I usually get enough sleep, but it is a strange schedule. I am cursed with being a morning person. Full of energy early in the day, not so much in the evening. If I wake up during the night, it is hard to get back to sleep.

    I don't have sleep apnea, but wake up early too and usually can't get back to sleep. Of course I fall asleep when watching TV in the evening. Then I wake up and am up for a while before going back to sleep.

    beepbeep are you more of a morning person? Waking up during the night will really mess up your sleep because you will have had enough sleep that you can't go back to sleep.

  7. #7
    Resident Rude Brazilian
    Join Date
    Jan 2008
    Location
    In a million depressions over the end of the World Cup
    Posts
    3,229
    vCash
    500
    Rep Power
    15463
    Quote Originally Posted by Lizziebeth View Post
    I usually get enough sleep, but it is a strange schedule. I am cursed with being a morning person. Full of energy early in the day, not so much in the evening. If I wake up during the night, it is hard to get back to sleep.

    snip

    beepbeep are you more of a morning person? Waking up during the night will really mess up your sleep because you will have had enough sleep that you can't go back to sleep.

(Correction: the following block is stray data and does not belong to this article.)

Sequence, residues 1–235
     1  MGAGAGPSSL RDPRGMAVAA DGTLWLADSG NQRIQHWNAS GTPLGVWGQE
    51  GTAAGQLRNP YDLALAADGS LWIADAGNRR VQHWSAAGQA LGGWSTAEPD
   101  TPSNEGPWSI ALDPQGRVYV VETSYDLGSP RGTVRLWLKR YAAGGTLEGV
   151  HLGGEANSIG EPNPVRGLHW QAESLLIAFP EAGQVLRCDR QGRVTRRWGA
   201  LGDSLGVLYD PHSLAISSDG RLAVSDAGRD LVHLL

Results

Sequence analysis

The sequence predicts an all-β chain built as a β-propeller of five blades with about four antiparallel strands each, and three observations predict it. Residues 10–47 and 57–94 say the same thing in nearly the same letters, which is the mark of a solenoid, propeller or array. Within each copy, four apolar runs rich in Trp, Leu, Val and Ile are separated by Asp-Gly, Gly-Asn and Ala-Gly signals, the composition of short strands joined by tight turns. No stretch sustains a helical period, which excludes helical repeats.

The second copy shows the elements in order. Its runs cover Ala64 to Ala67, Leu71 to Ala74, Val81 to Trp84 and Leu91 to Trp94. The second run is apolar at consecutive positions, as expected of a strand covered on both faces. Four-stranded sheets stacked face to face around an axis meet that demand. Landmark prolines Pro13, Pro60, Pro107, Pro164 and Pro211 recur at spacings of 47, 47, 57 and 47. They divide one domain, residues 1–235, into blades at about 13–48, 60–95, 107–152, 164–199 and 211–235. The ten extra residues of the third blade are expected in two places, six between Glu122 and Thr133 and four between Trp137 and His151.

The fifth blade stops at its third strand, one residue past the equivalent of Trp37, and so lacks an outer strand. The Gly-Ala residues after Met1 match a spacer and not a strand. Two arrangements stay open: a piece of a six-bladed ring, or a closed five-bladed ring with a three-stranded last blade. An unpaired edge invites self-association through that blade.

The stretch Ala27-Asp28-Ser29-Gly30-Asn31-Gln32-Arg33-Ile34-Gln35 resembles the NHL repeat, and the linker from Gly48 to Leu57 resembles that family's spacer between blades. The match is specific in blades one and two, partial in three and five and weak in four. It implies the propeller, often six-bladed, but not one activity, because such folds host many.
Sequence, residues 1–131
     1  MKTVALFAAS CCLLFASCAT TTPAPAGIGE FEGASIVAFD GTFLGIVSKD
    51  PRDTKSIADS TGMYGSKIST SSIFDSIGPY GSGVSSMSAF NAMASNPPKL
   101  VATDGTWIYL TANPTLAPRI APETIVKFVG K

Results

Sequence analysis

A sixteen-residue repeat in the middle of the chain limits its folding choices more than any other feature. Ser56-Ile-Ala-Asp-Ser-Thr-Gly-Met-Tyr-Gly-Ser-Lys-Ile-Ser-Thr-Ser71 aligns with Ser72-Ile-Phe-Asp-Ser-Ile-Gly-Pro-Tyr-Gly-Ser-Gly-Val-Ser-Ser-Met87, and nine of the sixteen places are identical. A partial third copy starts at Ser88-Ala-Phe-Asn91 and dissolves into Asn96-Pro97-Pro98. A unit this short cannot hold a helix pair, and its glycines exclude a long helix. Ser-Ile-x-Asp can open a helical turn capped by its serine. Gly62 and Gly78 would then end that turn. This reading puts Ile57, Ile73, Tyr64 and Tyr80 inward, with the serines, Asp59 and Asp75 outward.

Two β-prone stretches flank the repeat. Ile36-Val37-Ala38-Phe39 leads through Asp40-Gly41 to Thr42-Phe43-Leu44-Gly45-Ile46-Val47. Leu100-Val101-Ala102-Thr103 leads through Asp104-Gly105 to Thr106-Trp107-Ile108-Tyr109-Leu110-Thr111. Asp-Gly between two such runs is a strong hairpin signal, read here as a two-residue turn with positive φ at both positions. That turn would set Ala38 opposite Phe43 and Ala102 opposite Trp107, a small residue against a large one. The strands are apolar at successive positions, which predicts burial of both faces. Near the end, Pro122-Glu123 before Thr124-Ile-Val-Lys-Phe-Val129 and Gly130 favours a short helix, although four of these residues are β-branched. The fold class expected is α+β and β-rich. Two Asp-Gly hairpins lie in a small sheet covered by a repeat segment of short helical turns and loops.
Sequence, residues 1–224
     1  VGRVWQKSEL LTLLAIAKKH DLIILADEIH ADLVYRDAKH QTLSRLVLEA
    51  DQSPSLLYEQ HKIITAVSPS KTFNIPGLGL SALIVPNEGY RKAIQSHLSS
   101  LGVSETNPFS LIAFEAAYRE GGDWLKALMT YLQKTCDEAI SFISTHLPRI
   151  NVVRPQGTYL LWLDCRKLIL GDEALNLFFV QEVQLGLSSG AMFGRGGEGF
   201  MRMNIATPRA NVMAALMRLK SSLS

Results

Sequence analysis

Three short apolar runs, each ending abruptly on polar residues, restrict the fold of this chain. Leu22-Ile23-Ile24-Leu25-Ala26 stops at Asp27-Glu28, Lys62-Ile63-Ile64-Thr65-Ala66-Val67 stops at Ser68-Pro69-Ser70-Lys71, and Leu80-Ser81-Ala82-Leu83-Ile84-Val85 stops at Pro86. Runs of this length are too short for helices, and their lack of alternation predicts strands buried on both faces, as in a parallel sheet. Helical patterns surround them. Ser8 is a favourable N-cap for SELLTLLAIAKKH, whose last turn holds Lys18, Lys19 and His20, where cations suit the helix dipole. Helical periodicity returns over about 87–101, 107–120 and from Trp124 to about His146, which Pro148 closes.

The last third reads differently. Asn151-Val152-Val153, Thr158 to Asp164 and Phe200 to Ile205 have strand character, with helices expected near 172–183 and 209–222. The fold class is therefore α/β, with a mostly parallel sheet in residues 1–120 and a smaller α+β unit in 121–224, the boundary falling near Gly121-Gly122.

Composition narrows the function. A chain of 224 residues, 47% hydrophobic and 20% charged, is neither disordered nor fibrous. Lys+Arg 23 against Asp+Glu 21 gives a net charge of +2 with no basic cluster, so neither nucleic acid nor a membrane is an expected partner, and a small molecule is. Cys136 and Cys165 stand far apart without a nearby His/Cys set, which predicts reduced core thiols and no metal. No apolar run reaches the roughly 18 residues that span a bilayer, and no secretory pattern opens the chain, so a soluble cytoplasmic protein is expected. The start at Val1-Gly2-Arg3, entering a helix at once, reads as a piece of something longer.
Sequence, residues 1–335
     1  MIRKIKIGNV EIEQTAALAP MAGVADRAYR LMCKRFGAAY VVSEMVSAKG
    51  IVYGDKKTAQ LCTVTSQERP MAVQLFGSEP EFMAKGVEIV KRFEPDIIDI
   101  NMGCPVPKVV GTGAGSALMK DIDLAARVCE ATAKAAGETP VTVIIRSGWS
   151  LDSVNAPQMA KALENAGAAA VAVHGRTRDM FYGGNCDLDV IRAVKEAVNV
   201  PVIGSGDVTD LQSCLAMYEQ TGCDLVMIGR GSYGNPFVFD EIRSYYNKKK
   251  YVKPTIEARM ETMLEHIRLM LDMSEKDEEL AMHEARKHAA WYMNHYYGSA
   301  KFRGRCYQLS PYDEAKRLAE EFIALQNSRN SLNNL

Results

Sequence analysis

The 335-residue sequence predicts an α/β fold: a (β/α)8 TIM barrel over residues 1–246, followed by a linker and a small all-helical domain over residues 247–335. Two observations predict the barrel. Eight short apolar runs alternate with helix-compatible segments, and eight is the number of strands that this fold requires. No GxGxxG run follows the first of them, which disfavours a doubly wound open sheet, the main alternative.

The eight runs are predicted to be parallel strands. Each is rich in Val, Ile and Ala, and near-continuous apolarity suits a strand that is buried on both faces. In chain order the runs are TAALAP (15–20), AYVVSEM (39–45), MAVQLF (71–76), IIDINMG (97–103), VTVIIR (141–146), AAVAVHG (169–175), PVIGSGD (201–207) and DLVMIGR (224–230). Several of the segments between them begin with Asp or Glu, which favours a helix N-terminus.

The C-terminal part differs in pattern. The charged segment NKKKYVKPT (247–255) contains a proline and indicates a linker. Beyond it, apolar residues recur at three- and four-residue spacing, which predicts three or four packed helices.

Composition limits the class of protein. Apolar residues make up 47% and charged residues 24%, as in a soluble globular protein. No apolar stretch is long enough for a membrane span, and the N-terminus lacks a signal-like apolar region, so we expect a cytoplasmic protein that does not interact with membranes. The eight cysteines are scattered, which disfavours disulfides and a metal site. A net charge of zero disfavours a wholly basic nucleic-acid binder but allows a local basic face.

I'm definetively not a morning person.
    My sleep has been perfect now. And I'm no longer under any kind of medication for it (except Levotyroxin). I do wake up once or twice during the night to go to the bathroom, but I fall right back into sleep, and have no problem getting up in the morning now. I still hate it, but I'm by far way less useless in the morning than I used to be.
    Dá-lhe, Isadora!!
    Lead me not into temptation. I can find it, and eat it, all by myself.

  8. #8

    Join Date
    Oct 2004
    Location
    Walking to Work
    Posts
    25,842
    vCash
    500
    Rep Power
    32560
    Quote Originally Posted by beepbeep View Post
    I'm definetively not a morning person.
    My sleep has been perfect now. And I'm no longer under any kind of medication for it (except Levotyroxin). I do wake up once or twice during the night to go to the bathroom, but I fall right back into sleep, and have no problem getting up in the morning now. I still hate it, but I'm by far way less useless in the morning than I used to be.
    I cannot stay up the way I used to when I was younger, that is for sure. Going to bed at 2-3 in the morning was no biggie. Now, at 47, I am lucky if I can stay up to watch Letterman .